Free Expression: Essays in Law and Philosophy
Wilfrid J. Waluchow
Clarendon Press, 1994 - Law - 259 pages
This is a collection of essays based on papers read at a conference on freedom of expression held at McMaster University in May, 1990. Its contributors are philosophers and lawyers, each of whom brings his unique perspective to bear on issues surrounding the justification of free expression and the bases, both legal and moral, for restricting or broadening its scope. Joseph Magnet, Wayne Sumner, and James Weinstein discuss legal attempts in America and Canada to restrict hate literature,while David Richards brings a specifically American perspective to wider issues of free speech. Joseph Raz and Jan Narveson attempt to ground their theories of free speech in a wider political theory, while Leslie Green and Roger Shiner discuss more specific aspects of free expression, namely, the freedom to express oneself in the language of one's choice and freedom of commercial expression.
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Free Speech as Toleration
Freedom of Commercial Expression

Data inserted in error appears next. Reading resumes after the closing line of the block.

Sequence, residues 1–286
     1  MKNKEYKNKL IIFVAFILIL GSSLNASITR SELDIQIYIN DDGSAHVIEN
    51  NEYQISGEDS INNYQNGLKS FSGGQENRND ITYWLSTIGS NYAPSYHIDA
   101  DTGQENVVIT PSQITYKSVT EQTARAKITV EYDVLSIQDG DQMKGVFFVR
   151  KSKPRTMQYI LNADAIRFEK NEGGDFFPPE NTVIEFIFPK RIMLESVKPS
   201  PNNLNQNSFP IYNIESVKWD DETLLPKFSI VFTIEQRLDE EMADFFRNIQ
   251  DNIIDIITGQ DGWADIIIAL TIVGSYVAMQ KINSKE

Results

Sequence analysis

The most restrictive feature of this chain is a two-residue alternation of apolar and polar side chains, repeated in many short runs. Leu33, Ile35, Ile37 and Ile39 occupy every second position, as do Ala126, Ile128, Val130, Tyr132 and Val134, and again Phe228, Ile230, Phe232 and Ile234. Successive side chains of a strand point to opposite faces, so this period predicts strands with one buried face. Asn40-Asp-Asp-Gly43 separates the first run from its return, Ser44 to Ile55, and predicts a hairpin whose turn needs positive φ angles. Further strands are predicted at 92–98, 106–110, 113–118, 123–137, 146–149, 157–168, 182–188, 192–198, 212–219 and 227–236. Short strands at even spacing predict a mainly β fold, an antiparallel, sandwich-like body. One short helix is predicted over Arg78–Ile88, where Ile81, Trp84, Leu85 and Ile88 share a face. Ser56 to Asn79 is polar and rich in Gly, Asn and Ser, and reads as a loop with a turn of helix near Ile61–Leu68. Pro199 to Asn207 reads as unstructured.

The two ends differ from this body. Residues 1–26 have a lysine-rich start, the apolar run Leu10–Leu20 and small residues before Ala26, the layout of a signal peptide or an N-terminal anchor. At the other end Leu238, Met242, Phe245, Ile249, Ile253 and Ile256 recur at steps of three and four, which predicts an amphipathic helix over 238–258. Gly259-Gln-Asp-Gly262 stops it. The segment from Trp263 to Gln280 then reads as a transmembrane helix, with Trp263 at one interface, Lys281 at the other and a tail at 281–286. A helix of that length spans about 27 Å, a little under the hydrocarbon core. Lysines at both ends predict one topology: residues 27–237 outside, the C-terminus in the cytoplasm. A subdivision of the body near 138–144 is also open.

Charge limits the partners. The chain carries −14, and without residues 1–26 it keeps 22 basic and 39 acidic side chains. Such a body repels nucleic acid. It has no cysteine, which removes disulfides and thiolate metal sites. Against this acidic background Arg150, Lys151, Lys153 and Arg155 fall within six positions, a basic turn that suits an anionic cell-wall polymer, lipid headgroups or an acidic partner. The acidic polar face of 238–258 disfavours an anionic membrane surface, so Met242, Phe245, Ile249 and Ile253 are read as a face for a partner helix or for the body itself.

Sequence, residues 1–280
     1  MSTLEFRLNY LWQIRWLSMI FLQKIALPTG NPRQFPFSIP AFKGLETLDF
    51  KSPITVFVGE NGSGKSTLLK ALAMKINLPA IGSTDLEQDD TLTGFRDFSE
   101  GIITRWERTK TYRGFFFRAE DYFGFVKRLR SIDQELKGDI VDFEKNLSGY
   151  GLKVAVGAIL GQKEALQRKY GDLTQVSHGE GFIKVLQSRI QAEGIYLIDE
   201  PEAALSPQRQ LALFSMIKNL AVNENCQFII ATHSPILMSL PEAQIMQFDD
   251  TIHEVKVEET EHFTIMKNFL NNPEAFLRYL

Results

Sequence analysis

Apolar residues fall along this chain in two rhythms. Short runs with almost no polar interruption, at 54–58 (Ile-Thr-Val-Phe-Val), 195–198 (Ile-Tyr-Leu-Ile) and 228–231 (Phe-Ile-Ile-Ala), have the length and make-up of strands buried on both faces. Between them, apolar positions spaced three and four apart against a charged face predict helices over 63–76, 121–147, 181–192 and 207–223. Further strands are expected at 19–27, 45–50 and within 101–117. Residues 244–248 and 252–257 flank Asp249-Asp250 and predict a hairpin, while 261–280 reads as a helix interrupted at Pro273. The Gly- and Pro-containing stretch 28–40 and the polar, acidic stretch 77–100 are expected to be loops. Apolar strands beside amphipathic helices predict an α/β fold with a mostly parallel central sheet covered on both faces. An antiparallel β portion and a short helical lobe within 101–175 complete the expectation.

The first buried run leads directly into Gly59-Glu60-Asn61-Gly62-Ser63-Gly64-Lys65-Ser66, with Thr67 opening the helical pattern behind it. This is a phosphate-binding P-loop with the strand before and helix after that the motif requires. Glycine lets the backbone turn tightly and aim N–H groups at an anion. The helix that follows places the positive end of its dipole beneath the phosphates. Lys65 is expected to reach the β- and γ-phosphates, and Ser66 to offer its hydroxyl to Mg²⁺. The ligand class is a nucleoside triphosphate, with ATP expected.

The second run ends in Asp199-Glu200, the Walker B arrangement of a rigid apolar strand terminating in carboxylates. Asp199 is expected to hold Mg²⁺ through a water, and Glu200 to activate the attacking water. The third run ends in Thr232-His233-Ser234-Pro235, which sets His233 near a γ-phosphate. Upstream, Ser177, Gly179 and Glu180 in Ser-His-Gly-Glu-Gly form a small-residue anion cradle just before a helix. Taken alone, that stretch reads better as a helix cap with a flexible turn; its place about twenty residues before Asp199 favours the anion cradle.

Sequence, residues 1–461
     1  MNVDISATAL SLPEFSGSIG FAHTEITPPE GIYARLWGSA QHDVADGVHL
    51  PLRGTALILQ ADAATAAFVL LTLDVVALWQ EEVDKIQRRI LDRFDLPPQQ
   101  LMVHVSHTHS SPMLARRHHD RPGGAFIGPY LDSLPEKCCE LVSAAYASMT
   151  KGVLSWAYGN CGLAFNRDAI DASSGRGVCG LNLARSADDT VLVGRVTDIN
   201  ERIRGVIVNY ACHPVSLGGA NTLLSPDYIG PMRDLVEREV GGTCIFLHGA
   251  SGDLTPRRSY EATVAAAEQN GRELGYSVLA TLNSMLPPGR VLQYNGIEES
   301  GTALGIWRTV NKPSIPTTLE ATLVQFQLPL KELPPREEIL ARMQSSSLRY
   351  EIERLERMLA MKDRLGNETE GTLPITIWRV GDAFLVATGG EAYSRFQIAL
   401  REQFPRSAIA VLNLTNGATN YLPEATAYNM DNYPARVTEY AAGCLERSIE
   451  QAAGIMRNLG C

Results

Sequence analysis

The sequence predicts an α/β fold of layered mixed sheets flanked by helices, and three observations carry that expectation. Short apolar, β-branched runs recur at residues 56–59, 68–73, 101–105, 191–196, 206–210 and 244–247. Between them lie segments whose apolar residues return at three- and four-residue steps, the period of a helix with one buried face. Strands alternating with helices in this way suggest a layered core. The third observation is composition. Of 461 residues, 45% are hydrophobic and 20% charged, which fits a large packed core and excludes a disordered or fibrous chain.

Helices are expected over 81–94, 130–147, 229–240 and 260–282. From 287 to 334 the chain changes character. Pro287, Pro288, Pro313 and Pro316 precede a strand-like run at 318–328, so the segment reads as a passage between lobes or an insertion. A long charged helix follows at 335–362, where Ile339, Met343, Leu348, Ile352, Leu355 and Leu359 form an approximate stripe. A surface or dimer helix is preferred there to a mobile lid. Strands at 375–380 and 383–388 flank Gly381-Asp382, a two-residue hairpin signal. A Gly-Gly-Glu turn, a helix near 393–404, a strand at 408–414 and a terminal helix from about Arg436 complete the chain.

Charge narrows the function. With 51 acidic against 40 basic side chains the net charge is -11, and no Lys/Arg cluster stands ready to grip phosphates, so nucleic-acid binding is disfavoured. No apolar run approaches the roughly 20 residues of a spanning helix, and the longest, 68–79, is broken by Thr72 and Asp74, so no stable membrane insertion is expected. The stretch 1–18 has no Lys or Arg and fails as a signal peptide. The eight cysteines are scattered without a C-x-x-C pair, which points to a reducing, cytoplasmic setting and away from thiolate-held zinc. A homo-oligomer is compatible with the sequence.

Freedom of Expression and Choice of Language
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activities acts advertising amendment anti-Semitic argument Beauharnais Canada Canada's hate Canadian censorship Chaplinsky Charter Chief Justice Dickson choice of language Cohen Committee commercial expression commercial speech consequentialist consti constitutional coverage constitutionally content-based conviction corporation crimes Criminal Code culture democracy democratic discussion DLR 4th doctrine ethnic fact fighting words doctrine Forms of Racial free expression free speech freedom of commercial freedom of expression freedom of speech fundamental group libel harm hate crimes hate propaganda hate speech Human Rights Hustler Magazine Ibid ideas important individual infringement interest International Convention Irwin Toy issue Joseph Raz judgments justified Keegstra legislation libertarian liberty limited matter moral obscenity opinion persons pression principle of free prohibition prosecution protection public discourse Quebec question Racial Discrimination racist racist speech rationale reasonable regulation respect restrictions right to free sexual social society speaker statements statute Supreme Court theory tutional violation violence